Hong Kong Baptist UniversitySlow-moving tropical cyclones bring greater flood risks

Slow-moving tropical cyclones bring greater flood risks

A new study at Hong Kong Baptist University (HKBU) has revealed that slower tropical cyclone movement tends to elevate rainfall volume, leading to greater flood risks at a regional scale. The research findings were published in the Proceedings of the National Academy of Sciences of the United States of America (PNAS).

Led by Dr Li Jianfeng of the Department of Geography, the research team investigated 406 tropical cyclones which made landfall and lasted for more than two days over the coast of China, and specifically the Pearl River Delta, between 1961 and 2017. Using datasets and tools for studying tropical cyclones and climate behaviour, the team found that the observed average moving speed, or translation speed, of the tropical cyclones underwent a significant drop of 11%, decreasing from 21 km per hour in 1961 to 18.6 km per hour in 2017.

Following statistical analysis, the HKBU team detected a negative correlation between tropical cyclones’ moving speeds and local rainfall volume, with evidence showing that slow-moving tropical cyclones brought about 20% more rainfall on average when compared with fast-moving ones.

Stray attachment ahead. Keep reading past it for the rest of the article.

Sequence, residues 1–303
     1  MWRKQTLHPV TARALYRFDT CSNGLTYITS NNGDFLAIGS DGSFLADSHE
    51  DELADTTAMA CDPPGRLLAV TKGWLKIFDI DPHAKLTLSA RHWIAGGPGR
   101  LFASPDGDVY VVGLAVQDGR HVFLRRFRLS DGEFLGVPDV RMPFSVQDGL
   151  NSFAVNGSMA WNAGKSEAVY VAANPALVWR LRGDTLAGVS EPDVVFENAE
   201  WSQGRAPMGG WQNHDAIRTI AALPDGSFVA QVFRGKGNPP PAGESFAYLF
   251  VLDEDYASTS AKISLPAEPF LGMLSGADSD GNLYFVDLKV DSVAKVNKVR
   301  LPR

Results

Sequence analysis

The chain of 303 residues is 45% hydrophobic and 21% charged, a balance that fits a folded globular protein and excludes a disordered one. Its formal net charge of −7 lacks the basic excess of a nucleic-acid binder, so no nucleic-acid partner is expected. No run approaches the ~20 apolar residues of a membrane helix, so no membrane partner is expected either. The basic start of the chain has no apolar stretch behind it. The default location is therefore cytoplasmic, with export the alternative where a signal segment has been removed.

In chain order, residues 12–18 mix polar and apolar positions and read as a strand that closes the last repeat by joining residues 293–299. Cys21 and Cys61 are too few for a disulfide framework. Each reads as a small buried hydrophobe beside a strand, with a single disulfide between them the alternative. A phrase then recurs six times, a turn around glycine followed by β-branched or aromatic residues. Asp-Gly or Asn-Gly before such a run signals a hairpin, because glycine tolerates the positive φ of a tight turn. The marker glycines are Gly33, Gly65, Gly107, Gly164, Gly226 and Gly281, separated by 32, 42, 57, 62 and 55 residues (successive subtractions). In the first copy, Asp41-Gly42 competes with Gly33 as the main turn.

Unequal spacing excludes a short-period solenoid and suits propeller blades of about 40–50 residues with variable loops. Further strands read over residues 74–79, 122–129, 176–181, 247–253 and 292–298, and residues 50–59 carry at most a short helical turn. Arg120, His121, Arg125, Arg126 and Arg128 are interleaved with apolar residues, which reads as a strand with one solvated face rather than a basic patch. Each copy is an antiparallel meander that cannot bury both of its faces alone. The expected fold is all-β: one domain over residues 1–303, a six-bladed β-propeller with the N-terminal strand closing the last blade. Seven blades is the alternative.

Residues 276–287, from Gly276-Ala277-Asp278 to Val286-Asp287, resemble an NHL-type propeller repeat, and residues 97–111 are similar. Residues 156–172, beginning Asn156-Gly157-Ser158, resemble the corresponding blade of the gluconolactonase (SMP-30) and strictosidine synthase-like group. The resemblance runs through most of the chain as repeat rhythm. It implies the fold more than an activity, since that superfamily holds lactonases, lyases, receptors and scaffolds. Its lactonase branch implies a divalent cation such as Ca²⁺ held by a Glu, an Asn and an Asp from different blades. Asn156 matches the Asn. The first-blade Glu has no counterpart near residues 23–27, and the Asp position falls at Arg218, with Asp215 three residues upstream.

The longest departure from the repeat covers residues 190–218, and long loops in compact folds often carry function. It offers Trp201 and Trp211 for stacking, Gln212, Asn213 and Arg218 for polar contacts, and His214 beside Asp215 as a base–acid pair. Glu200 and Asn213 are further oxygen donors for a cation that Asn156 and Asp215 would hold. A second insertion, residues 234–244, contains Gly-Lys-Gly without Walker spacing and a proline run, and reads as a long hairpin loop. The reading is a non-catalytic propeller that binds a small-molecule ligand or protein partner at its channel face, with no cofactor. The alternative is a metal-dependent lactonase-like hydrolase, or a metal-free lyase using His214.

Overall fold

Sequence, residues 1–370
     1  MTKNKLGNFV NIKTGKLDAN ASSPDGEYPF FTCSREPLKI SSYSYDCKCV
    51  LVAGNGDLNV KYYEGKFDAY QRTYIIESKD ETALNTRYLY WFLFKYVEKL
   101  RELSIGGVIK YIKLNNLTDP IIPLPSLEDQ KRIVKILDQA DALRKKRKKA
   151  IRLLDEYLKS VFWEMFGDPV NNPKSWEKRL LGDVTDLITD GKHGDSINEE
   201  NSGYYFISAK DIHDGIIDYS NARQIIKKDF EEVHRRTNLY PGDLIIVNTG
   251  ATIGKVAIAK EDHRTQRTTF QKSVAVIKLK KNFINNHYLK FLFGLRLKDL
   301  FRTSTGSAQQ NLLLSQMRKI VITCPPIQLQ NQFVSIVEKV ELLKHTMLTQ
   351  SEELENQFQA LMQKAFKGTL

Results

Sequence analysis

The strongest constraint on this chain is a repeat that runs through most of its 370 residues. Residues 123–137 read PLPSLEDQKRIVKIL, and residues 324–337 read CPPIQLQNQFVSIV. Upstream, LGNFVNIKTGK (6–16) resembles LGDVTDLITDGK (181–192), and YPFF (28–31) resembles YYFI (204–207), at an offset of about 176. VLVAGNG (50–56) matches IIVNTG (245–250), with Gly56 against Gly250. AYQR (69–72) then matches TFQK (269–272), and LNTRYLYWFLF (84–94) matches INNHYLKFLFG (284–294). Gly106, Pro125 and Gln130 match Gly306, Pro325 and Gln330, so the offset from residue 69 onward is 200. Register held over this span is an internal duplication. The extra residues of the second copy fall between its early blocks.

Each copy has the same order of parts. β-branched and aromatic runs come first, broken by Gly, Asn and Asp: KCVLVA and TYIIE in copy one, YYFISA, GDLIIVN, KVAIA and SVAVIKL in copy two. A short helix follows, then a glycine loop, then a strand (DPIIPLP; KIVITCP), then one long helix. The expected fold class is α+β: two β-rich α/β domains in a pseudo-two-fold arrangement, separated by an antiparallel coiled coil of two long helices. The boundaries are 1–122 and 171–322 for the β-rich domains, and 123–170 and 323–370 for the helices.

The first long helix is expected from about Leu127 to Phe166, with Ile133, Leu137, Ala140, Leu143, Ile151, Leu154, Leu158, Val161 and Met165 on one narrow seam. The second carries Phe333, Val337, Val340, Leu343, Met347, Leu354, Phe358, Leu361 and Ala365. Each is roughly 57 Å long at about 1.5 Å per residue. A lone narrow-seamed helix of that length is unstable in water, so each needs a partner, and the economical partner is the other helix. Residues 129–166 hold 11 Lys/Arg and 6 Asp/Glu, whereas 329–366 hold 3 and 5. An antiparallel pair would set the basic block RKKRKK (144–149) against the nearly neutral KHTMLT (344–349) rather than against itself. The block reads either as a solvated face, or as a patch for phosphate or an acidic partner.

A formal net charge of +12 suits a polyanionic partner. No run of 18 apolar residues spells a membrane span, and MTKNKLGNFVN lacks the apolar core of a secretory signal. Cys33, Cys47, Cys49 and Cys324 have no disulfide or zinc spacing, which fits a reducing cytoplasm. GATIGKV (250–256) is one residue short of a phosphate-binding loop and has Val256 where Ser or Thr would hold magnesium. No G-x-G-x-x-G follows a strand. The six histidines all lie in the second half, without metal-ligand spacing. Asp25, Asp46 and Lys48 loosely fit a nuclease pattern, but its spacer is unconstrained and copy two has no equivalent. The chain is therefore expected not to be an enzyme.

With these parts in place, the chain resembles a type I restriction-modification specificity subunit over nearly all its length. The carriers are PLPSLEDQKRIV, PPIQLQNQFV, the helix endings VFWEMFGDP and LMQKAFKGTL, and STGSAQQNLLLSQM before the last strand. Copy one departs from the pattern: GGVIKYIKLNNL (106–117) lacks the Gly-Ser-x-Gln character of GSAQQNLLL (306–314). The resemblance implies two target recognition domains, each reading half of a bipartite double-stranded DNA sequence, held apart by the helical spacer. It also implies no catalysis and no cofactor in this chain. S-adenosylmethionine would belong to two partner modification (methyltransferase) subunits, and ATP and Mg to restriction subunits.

“The total amount of rainfall over a specific region brought about by a tropical cyclone is directly proportional to rainfall intensity, and inversely proportional to moving speed. The slower a tropical cyclone moves, the longer it spends passing over the region. As the region is affected for a longer duration, slower tropical cyclones bring about more rainfall,” said Dr Li.


Dr Li Jianfeng, Assistant Professor of the Department of Geography

The study also found that the occurrence of slow-moving tropical cyclones became more frequent after 1990, indicating an increase in flood risks in the Pearl River Delta region in recent years.

The discovery offers invaluable insights that will enable the development of better flood management and adaptation strategies in the coastal region of China which is under threat due to tropical cyclones. 

Click to learn more:
Faculty of Social Sciences
Department of Geography

Brought to you by